Power bank: I want a tablet. I do not want to hold tablet and cable to a power bank and carry that to wherever I hold the tablet. If I use it while moving or at different places in the garden, I do not want to move also a power bank all the time A tablet is not a PC. A tablet itself should have, say, 16h battery life for light use (see Galaxy Tab A first generation). I know, x86, ok, let us say clearly more than 10h.

  21. Xatom

    Battery life and lack of LTE presently make this a fail as a travel device. How is it that Apple can release LTE on its tablets at release date?What this device and Android have is the ability to connect a hard drive. For travel Android bests IPad which best this Surface-LTE, OTG and battery. Different use cases would result in different conclusions. I use Galaxy Tab S, IPad and Surface Pro each for specific use cases. IPad is clearly the best tablet OS but OTG trumps when in the road or more specifically on a flight.

  22. chrisrut

    Good review Brad.

    I'm really enjoying my Go; beyond expectation to tell the truth. The form factor is exactly what I wanted.

    Battery life hasn't been an issue so far. On two multi-day vacations the convenience of being able to just pop it on the same chargers we use for our phones (USB C) and throw a quick charge in it - just as we do with phones - made it pretty much a non-issue. I'm taking it to Europe for a couple of weeks in September - we'll see how it fares on an extended trip.

    BTW, I do fit in the use case group you mention. Calling it one-app-at-a-time is a bit of an exaggeration, but I get the point, and you're right: this is not for people who want to play games.

    Here's what surprised me: for the first couple of days I didn't even realize it was in S-Mode! I'd only used Office apps and Edge, and as per usual, for "real" work, I remoted into various workstations and servers. All of which uses were absolutely normal in S-mode. Finally noticed it when I tried to open a CMD window for something or another and realized it wasn't there... :-) This thing isn't for doing work, this is for accessing work. So, I've left it in S-mode. For now. Again, we'll see how far I get.

    I definitely want an "always connected" version when available. At which point this one will earn a more-or-less permanent spot in the living room as the replacement for my older non-touch I7 Ultrabook. The poor thing... it seemed so sleek and ultra-modern just a few years ago...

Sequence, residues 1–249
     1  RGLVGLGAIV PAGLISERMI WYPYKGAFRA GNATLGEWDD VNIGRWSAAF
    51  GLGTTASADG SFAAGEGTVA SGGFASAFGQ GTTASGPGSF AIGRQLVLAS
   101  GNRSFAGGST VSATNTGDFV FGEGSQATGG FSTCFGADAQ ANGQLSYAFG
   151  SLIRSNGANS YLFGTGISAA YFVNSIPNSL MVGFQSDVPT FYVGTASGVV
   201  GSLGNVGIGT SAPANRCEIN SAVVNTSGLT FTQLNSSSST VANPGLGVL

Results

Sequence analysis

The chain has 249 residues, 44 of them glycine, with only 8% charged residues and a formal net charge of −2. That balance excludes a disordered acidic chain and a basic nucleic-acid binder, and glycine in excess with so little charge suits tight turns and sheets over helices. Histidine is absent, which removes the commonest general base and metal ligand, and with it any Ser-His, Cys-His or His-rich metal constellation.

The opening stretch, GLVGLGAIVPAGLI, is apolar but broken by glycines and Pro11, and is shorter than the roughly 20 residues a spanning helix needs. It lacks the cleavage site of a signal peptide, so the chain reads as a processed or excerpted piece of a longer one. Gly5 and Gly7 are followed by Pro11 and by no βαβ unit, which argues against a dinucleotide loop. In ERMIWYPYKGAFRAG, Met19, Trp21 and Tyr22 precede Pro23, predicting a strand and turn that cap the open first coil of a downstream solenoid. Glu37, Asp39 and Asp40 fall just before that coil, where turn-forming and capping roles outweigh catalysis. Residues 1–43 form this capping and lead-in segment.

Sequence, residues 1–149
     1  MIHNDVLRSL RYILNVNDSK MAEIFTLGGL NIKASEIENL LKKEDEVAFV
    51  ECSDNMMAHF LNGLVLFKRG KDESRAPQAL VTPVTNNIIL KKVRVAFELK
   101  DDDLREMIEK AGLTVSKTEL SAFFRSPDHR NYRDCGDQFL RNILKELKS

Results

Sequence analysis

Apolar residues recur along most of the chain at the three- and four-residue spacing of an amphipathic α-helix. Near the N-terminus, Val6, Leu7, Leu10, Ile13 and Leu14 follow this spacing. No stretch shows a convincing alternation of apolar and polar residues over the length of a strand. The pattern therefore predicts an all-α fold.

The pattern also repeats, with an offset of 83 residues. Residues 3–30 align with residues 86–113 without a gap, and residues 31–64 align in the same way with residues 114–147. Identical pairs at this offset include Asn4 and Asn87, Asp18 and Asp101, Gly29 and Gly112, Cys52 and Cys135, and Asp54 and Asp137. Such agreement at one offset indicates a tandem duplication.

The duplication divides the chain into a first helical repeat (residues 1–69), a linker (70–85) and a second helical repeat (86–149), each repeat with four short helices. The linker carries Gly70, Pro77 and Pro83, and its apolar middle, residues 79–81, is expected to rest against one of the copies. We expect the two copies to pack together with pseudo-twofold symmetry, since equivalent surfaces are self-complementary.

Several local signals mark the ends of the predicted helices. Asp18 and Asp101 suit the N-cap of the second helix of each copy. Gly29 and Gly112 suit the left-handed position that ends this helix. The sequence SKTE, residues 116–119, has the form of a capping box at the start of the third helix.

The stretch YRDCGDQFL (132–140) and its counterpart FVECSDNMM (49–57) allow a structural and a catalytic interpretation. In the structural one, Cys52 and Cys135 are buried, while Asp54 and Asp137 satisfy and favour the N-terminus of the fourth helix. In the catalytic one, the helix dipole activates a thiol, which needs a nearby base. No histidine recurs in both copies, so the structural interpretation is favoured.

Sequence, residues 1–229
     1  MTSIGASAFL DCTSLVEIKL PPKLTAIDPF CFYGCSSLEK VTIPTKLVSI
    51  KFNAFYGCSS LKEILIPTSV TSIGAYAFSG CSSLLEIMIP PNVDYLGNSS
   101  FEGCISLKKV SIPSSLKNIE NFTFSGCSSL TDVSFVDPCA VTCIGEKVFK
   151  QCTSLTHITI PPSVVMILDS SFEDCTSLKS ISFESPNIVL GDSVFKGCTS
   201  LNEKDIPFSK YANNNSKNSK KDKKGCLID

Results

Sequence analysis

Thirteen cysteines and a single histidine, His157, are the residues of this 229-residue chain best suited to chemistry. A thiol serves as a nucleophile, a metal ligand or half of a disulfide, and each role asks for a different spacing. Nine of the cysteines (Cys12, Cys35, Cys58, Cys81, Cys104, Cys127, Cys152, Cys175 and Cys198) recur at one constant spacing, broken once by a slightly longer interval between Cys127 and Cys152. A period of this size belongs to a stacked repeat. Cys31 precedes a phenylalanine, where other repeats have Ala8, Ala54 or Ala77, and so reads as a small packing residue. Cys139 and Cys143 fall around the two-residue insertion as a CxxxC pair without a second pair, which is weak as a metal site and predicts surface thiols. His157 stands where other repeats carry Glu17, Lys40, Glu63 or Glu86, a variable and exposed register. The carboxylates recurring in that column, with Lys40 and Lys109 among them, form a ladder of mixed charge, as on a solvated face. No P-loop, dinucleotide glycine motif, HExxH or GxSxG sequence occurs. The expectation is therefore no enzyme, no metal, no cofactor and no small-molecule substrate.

Thumbs up!

    • MacLiam

      I think you are going to need Windows Pro to get a Command Window or Powershell. Even if you can open a Command Window (and I couldn't after turning off S-Mode), I don't think you would be able to elevate it to the Administrative level. MS doesn't want presumably naive Win Home users to get into the system controls and make an unintentional mess.

  23. Jhambi

    Meh, don't buy the first gen of any surface product.

  24. waethorn

    I bet Solus or Zorin would fly on this thing - assuming they aren't using any kind of stupid Microsoft-designed custom chips with Microsoft-branded firmware that's incompatible with everything but Windows.

    I run Solus on a Celeron N3450 with 4GB of RAM and a 64GB eMMC drive (HP Stream 11 Pro to be exact). It's my go-to PC for my IT work.

  25. Travis

    I completely disagree about the one app at a time comment. I snap apps side by side (OneNote and Edge) with no issues. I can have 5-10 apps open at the same time with no issues. I turned S mode off too. I think your problem is more Chrome than anything else.

  26. dstrauss

    When I started using laptops (1986 - Toshiba T1100 Plus), laptops as a category were "accessories" to our "real" computers on our desktop. Reviewers routinely were dismissive of laptops as only "good enough if all you intend to do is web, email, and word processing" with no multitasking capability (if you discount TSR's like Sidekick). Fast forward today to the Surface Go, a "super computer" in comparison to the the T1100+, and you get the same dismissive "it's only good for" comments from reviewers and some users who, like me, tend to be Tim Taylor in search of MORE POWER.

    But go online (especially YouTube) and check out reviews by real users who are NOT professional tech pundits. There are many people who find the Surface Go to be a great daily driver. If you are a gamer or high end video editor, go elsewhere. Same for AutoCad and Adobe CC junkies, this is not the droid you are looking for (in fact, there are probably only a handful of laptops you should consider, like the Surface Book 2 15" or Alienware specials).

    If you want to use the Surface Go as you "iPad" to big iron, as many Apple users do with MacBook Pro, go for it. But just don't be so dismissive of this little beast just because it can't Geekbench with the muscle cars...this can be a very capable daily driver for what you used used to call "office drones" who take notes, email, web search (I will concede Chrome is a brutal hog), Word, and Excel. Thanks to the Surface Dock, folks have tied this little gem to 32" 4k displays, external HD's, and even the Surface Dial with lots of success.